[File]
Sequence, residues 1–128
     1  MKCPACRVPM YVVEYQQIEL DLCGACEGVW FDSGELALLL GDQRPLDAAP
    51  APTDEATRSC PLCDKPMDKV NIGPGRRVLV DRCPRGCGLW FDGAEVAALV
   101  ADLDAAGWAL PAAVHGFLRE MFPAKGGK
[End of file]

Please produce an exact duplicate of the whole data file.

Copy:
Sequence, residues 1–128
     1  MKCPACRVPM YVVEYQQIEL DLCGACEGVW FDSGELALLL GDQRPLDAAP
    51  APTDEATRSC PLCDKPMDKV NIGPGRRVLV DRCPRGCGLW FDGAEVAALV
   101  ADLDAAGWAL PAAVHGFLRE MFPAKGGK